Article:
Here’s your week in review, in haiku.
Blessed and praised; adored.
Glorified and sanctified.
May He create peace.
Googlers walk; Apple
markets take a breath.
Jacob’s mom has got
it going on: Surefire
Answering rocks with
bullets; preparing the tents.
We are torn apart.
A grateful nation,
a sacred duty to vote.
Wishing you a weekend filled with comfort and peace.
|What can be learned from Charleston and Pittsburgh?|
|Jelani Cobb reported from both Charleston, SC and Pittsburgh, PA and notes the terrible similarities between the two horrific mass murders. “The architects of these atrocities are white men whose fury was amplified in the echo chamber of the Internet,” he writes. “Notably, both shooters conceived of their actions as a form of self-defense.” But the pain they inflicted on the communities were similar too, both of which lost individuals who would have ordinarily helped them to grieve and heal. But Cobb explores the paradox of the President himself, the masculine hero who stated, “I alone can fix” America, and yet is not responsible for the kindling he’s assembled. “The biggest indictment of the moral calibration in Trump’s Presidency is found in the sheer frequency by which he is absolved by his most ardent supporters.”|
|The New Yorker|
|Andrew Ng: Basic income could offset AI-created job losses|
|Andrew Ng was a deep learning trailblazer at Baidu and Google, and is now at two AI-startups in Palo Alto, Calif. In this informative Q&A with the Wall Street Journal’s Future of Everything column, he focused on the inevitability of AI – “AI is a general purpose technology similar to the internet and electricity—applicable to a lot of industries” — but lingered on the potential of the technology to increase inequality through job loss. “We need to make sure that wealth we create [through AI] is distributed in a fair and equitable way,” he says. “Ethics to me isn’t about making sure your robot doesn’t turn evil. It’s about really thinking through, what is the society we’re building?”|
|Wall Street Journal|
|The starving Yemeni girl who became the face of the country’s famine has died|
|Her name was Amal Hussain, and she was just seven years old. But her wrenching portrait published in The New York Times last week awakened many readers to the terrible human cost of the Saudi-led war in Yemen. There are more than 1.8 million starving kids in Yemen; despite a promised cease fire, there is little hope for immediate relief. Hussain died in a makeshift refugee camp four miles from a hospital.|
|New York Times|
The Woke Leader
|Remembering Ntozake Shange|
|I was waiting for writer Rebecca Carroll to post about the extraordinary Shange, the writer and poet who died earlier this week. She’d interviewed Shange as an up-and-coming journalist in the early 90s, and the writer imprinted on Carroll in ways that she did many black women. “As any young black woman who has read For Colored Girls Who Have Considered Suicide When the Rainbow is Enuf will tell you, the stories and voices and experiences in this book go far beyond representation, as integral and clarifying as that aspect of it is,” she begins. But the two remained in touch, enjoying the kind of late-night phone calls that ground and uplift both participants. She recalls her favorite quote from Shange: “I write for young girls of color, for girls who don’t even exist yet, so that there is something there for them when they arrive. I can only change how they live, not how they think.”|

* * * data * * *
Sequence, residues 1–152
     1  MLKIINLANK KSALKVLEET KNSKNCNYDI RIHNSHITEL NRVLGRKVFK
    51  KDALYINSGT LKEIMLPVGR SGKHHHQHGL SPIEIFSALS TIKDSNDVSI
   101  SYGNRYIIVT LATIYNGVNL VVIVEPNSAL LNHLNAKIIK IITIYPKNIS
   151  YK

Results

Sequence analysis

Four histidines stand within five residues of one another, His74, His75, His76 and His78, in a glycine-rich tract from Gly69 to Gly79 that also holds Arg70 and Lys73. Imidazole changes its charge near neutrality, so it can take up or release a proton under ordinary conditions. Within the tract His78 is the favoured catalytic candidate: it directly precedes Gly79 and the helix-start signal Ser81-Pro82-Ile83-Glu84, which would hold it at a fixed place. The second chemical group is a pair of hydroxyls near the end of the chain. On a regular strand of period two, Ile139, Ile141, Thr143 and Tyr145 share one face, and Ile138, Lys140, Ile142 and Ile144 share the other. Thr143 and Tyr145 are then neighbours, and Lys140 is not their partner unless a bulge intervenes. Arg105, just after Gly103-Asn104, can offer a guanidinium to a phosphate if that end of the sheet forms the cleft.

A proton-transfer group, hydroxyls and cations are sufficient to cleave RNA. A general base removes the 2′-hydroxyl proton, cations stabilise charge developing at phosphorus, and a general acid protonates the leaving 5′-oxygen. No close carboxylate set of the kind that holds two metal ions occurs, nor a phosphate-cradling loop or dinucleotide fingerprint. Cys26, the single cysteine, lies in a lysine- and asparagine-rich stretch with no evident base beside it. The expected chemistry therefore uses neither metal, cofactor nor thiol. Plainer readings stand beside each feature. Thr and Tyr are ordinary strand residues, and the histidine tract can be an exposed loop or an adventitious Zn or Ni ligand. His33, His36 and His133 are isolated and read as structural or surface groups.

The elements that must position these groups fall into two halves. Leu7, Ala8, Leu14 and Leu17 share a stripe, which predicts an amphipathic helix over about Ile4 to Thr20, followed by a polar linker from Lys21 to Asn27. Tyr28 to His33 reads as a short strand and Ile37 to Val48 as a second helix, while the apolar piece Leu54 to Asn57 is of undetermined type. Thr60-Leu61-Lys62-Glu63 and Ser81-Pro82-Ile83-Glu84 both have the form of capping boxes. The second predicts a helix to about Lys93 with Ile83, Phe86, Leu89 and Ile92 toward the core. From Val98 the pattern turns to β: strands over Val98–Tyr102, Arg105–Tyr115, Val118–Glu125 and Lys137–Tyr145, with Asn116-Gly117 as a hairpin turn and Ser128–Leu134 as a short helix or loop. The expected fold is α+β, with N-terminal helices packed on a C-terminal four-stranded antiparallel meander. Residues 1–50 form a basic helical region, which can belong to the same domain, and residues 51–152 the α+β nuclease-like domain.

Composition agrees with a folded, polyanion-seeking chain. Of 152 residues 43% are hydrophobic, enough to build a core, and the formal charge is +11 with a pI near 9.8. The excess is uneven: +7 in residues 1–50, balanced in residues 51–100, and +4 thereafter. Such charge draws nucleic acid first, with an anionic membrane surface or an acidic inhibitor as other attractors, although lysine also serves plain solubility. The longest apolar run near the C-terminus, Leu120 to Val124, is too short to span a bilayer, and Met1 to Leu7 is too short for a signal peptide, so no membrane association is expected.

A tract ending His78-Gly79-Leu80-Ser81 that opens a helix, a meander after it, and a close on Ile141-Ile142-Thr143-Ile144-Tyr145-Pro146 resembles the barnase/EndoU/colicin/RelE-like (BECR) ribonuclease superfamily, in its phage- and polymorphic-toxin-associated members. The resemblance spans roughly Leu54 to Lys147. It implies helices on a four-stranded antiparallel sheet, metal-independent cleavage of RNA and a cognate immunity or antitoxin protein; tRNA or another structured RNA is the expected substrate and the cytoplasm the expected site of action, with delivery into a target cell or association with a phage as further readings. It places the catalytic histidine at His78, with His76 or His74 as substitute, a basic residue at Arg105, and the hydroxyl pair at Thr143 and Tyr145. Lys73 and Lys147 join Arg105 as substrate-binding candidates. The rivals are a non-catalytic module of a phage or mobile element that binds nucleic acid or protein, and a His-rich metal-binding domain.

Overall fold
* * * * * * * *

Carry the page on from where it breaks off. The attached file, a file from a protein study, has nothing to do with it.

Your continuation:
|Thank you, business travelers and other wandering souls|
|New research suggests that the high volume of international travel may actually be serving to lower the risk of a global pandemic. Many pandemics like the 1918 flu happen because a basic pathogen evolves into a more dangerous strain. But contrary to the conventional wisdom that people spread disease, all the moving around may be a good thing. “Frequent travel between subpopulations can lead to widespread immunity to the high virulence strain, driven by exposure to the low virulence strain,” say researchers from Oxford and Tel Aviv University. “As a result, major epidemics of the high virulence strain are less likely, and can potentially be smaller, with more connected subpopulations.” Get out there and spread the immunity, people.|
|Pharrell is happy again and you will be too|
|The singer and producer sent a cease and desist letter to the Trump camp, unhappy with the president’s use of the song “Happy” at a campaign rally just hours after the deadly shooting at the Tree of Life Synagogue in Pittsburgh. But this video of Georgia Congressman John Lewis clearly feeling like a room without a roof was enough to make Pharrell’s day. And probably yours too.|
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